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Rates shake-up: Thousands of Northern Ireland homes facing higher bills

Higher bills for 'rich' as £400k cap goes and enhanced relief for business, meanwhile impact of Brexit vote on education system and pension schemes is becoming clearer

By Noel McAdam

Published 23/11/2016

Mairtin O Muilleoir
Mairtin O Muilleoir
Emma Little Pengelly

Around 7,000 Northern Ireland homes are set to face higher rates bills in a revamp that will raise millions of pounds for the Executive.

Finance Minister Mairtin O Muilleoir insisted the shake-up will increase fairness and ensure the burden is more "broadly shouldered" - but was warned it will "cause trouble".

The province's councils will also be able to raise up to £10m by striking their own non-domestic rates in future - breaking the historic link with the overall rates system.

More: Top Brexit adviser in call for coherent plan from Executive

And he plans a new scheme for small businesses, particularly in the retail and hospitality sector, which would become eligible for a rates discount averaging 40%.

In the biggest single change, the current cap on rateable house values is to be removed under the proposals set out by Mr O Muilleoir in the Assembly yesterday.

At present a house with a rateable value of more than £400,000 is still assessed at the £400,000 level. In future, rates would also apply to the portion above £400,000, raising £4.5m for Executive coffers.

Other measures, including an end to the discount for early payments and the introduction of rates bills for charity shops, would bring the total up to over £16m for the Executive every year - "money that will help deliver the Executive's Programme for Government for all our citizens", he said.

More: Mairtin O Muilleoir: Modernisation of Northern Ireland's rates system will help generate jobs and boost high street

"The application of the £400,000 cap means that those in houses with a higher value pay proportionately less than those in middle or lower value homes," the Sinn Fein minister told MLAs.

"This to me is inherently unfair. Take Bill Gates's house - I know that many people would like to take the house of Bill Gates - he pays $1m a year in property tax on his $100m Washington home. If he lived here, the rates on that home would be less than $5,000 a year."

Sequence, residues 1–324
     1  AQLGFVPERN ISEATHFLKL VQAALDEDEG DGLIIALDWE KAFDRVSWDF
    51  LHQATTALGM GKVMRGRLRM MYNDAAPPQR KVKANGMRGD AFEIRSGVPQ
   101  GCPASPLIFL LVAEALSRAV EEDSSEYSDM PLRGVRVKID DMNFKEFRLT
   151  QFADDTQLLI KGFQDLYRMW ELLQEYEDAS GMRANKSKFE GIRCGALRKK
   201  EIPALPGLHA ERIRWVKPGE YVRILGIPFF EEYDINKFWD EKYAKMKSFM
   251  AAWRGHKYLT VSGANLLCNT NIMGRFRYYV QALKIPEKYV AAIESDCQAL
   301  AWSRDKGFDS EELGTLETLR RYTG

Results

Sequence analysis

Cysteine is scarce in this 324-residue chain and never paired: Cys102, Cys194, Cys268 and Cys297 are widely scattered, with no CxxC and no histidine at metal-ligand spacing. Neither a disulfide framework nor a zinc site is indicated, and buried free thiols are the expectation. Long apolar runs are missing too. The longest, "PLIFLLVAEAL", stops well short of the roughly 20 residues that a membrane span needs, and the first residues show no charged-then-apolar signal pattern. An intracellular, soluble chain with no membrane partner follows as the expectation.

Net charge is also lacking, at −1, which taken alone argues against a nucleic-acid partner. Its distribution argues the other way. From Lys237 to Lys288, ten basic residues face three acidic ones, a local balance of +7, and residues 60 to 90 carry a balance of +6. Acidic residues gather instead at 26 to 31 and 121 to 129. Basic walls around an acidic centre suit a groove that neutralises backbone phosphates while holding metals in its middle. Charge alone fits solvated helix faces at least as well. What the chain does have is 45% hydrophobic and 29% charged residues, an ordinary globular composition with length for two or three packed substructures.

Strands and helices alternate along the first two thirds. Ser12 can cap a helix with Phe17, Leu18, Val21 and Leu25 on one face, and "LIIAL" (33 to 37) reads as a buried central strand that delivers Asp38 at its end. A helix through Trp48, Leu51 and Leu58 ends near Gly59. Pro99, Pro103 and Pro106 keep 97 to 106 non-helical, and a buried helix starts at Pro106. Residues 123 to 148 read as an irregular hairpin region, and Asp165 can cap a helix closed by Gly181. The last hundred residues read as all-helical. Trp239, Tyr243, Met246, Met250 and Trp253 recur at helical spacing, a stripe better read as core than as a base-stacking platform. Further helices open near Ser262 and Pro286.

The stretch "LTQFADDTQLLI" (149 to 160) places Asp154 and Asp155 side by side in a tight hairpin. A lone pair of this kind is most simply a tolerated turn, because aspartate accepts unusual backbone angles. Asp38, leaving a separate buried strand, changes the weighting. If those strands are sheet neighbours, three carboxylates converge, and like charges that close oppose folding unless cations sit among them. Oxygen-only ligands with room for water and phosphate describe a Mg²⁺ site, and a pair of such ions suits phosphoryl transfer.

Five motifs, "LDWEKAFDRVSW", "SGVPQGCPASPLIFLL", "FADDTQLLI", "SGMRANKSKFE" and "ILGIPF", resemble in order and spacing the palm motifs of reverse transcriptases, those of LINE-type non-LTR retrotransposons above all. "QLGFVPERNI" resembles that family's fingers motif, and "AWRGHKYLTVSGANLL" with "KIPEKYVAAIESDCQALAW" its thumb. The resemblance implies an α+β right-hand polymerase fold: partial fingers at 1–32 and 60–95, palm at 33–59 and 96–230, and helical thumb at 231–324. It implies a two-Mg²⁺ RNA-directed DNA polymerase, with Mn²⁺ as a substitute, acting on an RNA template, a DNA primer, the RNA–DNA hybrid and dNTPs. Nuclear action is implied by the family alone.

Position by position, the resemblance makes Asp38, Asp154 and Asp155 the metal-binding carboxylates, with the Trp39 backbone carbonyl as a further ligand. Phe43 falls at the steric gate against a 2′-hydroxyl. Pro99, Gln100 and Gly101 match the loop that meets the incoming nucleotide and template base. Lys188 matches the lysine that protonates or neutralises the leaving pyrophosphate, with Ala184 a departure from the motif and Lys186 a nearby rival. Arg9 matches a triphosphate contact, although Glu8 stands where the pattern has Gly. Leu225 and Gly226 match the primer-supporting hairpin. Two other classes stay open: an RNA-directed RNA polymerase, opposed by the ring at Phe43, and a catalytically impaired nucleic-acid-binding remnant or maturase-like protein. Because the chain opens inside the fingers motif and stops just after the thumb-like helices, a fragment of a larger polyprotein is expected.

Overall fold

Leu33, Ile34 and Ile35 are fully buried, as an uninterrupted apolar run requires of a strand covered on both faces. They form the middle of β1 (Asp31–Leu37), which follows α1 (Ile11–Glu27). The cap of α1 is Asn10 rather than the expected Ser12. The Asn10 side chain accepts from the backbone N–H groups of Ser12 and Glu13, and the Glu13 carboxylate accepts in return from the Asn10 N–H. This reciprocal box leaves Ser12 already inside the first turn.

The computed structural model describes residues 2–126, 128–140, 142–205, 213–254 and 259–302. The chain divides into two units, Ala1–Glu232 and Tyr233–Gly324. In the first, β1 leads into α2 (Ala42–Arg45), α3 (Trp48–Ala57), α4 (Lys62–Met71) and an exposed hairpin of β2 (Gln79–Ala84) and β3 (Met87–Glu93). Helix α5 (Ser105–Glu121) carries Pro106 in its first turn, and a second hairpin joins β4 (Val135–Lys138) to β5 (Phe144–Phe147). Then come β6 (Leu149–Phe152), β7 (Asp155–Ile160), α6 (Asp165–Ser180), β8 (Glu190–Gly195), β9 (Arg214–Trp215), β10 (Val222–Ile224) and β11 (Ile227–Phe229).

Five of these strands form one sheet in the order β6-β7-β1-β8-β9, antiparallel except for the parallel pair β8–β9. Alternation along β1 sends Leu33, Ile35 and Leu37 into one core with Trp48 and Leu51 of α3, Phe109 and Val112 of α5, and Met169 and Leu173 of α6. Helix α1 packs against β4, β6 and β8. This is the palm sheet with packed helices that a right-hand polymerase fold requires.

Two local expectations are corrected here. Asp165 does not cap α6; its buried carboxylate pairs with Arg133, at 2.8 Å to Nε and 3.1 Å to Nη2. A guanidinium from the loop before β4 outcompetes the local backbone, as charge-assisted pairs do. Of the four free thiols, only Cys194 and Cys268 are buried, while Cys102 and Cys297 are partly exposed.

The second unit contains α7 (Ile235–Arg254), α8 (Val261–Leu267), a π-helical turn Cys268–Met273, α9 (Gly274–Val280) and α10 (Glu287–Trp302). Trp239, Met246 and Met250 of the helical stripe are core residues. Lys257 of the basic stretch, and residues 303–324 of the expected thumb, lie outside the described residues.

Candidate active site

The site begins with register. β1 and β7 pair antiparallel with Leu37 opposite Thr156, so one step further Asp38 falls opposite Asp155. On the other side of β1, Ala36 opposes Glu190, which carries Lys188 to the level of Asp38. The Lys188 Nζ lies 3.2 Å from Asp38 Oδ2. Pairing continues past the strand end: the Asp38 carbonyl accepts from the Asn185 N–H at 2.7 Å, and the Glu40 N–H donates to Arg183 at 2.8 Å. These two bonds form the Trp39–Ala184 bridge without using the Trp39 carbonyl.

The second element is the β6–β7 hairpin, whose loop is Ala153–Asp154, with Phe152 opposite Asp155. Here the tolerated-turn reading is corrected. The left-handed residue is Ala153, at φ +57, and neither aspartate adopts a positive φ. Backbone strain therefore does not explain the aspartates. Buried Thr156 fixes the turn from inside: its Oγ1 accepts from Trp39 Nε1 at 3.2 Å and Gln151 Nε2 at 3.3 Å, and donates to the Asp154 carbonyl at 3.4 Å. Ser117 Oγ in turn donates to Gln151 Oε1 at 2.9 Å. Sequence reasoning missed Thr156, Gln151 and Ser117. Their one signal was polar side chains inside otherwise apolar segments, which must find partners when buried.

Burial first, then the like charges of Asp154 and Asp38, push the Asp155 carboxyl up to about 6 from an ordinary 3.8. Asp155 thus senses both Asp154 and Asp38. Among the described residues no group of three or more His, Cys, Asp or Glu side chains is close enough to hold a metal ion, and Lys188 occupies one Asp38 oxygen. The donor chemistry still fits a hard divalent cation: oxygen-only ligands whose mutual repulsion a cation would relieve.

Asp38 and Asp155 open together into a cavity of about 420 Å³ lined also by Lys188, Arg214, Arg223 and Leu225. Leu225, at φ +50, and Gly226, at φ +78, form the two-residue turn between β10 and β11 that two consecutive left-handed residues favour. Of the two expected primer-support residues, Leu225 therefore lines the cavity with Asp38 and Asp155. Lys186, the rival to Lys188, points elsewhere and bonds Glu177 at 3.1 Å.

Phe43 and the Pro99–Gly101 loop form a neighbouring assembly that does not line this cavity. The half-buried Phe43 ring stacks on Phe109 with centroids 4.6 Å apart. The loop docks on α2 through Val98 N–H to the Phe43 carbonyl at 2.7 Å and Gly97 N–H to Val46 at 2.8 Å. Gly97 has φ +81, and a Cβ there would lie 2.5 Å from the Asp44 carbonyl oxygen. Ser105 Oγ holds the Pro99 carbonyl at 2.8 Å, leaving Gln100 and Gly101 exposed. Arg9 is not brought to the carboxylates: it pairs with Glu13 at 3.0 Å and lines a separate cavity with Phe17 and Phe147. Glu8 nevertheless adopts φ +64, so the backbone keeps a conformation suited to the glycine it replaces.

But the DUP chair of the Assembly finance committee, Emma Little Pengelly, said the rates cap proposal would "create concern" and asked the minister to explain his proposals in greater detail at a future committee session.

Her party colleague Jim Wells also warned the cap will "cause trouble".

More: Northern Ireland's very distinct, bespoke needs must be addressed: Brexit Advisory Panel chair

The minister responded: "We need to nail our colours to the mast on the removal of the cap. We are either for it or against it."

Alliance MLA Stephen Farry accused Sinn Fein of performing a u-turn on the issue of a rates cap.

Mr O Muilleoir replied: "I thought that it was really important to stop faffing around and to try to focus on actions that will result in better outcomes for our people."

He went on: "Taken together, these measures will actually lead to a revenue gain for the Executive and for our councils.

"Current estimates are up to £16m a year, recurring, for the Executive.

"Councils stand to gain up to £10m a year and this will help them deliver better outcomes in terms of local services, as well as their new role in place shaping, building communities and economic development."

The proposed small business rate relief scheme, likely to run for three years, would give up to 40% support to 13,000 businesses, including shops in provincial towns which previously missed out.

But around 10,000 properties, such as offices located above shops, will still not be eligible.

On the vexed issue of introducing rates to charity shops, Mr O Muilleoir said the important issue was to "get the balance right".

"Charity shops help to bring people into our high streets or small towns, in particular when times are tough, so we need to make sure we don't upset the healthy retail mix that exists in many areas," he said.

"I am all in favour of continuing to single out charity shops on the high street for favourable treatment, but I do think there is a case for limiting their growth. We cannot have our high streets just made up of charity shops."

He also proposed two pilot schemes to regenerate deprived areas of east and west Belfast, to be called business empowerment zones. These will begin in the lower Newtownards and lower Falls Roads and will provide special rates relief to encourage business and investment.

Mr O Muilleoir said: "Having worked extensively in both areas, I know that the will is there to transform these key arterial roads".

If successful, similar schemes may be trialled in a rural area.

Stephen Kelly, chief executive of Manufacturing NI, said: "Everyone paying something, more regular revaluations, more flexibility for councils and business rates and securing reliefs which will help economic development, are principles which we have called for."

Belfast Telegraph

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